It’s no exaggeration to say that storytelling is as old as human civilisation itself. Perhaps, we’ll never be able to point to a time in the history of mankind and call it the dawn of storytelling. However, what we know is that the practice of storytelling began when man learned to communicate. Be it through symbols, signs or words, man told stories to his peers. They were fairy tales, fables, legends, epics, myths, and stories of heroes, war and adventure.
With time, stories became an integral part of his culture and society, passed down from generation to generation, each time narrated with a different spin according to changing scenarios. Through these stories, he imparted knowledge and narrated his experiences. While some stories inspired him, some others ignited the spark of imagination, transporting him to the world of wonder. Millennia later, it’s the same sense of wonder and imagination stories evoke. In a quest to understand this ancient tradition, Soulveda spoke to Geeta Ramanujam, storyteller and founder of Bangalore-based Kathalaya Trust and The International Academy of Storytelling. Presenting excerpts of a conversation, where she talks about the relevance of storytelling in the day and age of Instagram stories and her work in reviving storytelling in India.
Stories play a crucial role in one’s formative years. Do you think an individual is shaped by the stories they grow up listening to?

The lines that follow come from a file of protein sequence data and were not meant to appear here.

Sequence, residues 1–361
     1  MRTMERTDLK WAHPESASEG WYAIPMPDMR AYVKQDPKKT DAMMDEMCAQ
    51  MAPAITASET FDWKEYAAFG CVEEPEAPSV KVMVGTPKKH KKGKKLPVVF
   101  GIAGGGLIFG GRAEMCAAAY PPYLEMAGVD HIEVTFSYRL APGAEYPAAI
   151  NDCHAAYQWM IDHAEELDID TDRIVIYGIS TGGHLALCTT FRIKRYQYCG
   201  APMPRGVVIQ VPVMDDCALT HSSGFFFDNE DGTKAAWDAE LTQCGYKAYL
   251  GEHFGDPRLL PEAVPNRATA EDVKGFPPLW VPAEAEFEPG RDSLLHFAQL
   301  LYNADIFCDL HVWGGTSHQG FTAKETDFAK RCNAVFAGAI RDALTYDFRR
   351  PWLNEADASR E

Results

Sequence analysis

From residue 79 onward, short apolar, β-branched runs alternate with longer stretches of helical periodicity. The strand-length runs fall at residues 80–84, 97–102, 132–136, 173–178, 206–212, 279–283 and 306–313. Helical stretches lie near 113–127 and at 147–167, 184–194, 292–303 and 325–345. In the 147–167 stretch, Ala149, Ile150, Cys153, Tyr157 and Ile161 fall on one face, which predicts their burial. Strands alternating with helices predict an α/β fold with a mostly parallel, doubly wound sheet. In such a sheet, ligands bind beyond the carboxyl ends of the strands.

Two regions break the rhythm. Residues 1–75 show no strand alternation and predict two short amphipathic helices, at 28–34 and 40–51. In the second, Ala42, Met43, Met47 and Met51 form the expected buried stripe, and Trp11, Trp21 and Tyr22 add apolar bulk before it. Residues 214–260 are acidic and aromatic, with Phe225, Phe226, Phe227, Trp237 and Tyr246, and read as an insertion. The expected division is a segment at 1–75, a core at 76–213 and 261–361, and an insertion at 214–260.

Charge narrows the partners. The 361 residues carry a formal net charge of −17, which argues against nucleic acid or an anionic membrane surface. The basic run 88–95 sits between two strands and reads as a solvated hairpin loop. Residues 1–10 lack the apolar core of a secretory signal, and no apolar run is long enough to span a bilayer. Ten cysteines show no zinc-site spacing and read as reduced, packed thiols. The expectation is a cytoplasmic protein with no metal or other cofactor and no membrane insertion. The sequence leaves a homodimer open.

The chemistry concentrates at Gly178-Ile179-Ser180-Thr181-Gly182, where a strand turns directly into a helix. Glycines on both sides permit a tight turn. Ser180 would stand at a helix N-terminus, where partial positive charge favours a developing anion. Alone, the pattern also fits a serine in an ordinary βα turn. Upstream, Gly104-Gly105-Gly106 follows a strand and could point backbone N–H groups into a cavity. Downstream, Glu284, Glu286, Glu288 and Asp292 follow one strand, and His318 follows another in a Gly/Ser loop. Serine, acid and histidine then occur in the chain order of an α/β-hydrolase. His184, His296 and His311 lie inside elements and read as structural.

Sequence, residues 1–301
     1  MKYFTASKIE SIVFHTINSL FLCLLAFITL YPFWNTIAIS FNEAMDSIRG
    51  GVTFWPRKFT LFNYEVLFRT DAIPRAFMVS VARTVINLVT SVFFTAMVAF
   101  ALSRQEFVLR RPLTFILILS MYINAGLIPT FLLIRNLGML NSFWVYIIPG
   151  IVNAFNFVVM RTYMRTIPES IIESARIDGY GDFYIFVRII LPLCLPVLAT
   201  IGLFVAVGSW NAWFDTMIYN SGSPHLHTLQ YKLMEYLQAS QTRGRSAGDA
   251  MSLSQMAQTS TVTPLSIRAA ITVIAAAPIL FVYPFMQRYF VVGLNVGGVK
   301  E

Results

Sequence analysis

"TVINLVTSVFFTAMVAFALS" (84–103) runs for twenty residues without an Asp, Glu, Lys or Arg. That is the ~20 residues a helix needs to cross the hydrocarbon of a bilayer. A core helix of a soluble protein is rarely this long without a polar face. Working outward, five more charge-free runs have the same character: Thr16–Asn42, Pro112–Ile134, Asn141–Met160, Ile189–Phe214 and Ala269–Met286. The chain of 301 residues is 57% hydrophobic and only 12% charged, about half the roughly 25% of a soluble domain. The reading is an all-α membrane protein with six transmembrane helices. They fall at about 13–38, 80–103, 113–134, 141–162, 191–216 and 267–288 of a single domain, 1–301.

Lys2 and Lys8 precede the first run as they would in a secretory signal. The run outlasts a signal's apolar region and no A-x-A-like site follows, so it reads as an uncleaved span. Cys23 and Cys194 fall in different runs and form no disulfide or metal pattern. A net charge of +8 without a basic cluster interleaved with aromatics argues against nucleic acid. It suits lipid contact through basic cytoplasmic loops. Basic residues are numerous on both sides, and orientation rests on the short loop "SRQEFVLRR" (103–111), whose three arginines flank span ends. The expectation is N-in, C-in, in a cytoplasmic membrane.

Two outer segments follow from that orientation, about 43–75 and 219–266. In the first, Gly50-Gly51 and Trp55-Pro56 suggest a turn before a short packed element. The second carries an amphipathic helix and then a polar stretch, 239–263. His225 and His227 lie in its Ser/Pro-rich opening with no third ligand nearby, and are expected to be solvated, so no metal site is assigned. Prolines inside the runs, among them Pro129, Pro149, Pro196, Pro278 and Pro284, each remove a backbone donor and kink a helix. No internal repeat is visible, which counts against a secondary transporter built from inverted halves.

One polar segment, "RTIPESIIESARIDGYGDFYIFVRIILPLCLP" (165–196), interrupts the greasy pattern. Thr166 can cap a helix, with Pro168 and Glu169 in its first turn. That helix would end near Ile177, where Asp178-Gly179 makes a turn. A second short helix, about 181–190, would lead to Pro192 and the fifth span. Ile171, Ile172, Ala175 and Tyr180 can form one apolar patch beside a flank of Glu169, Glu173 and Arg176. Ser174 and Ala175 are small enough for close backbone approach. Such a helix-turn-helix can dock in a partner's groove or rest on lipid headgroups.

A storyteller creates his listener. In effect, the storyteller tells his listener, ‘In my story I determine you; for a moment—the duration of the story—your reason for being is the story itself; for the sake of the story, you are. In my story, I create a state of being in which you are immediately involved.’ The primary object of the story is the realisation of wonder and delight. In the presence of stories, we have an affirmation of the human spirit. It is a just and wondrous celebration.
An individual is definitely shaped by what they constantly listen to from the time they are in their mother’s womb. The aural and oral traditions are a result of this. This had a great impact on my formative years as technology was still a far-fetched idea in the 60s and 70s.
How do stories enhance the sense of imagination in children?
Tell children a story and they listen with their whole being. Lead children to touch and understand a grasshopper, a rock, a flower, a ray of sunlight and you begin to establish a connection between children and their surroundings. Have them look at a tree—feel it, smell it, taste its sap, study its many parts, and how they work. This is the power of imagination. A child gets to see the entire story when an effective narrator or raconteur of tales transmits the textures of a story.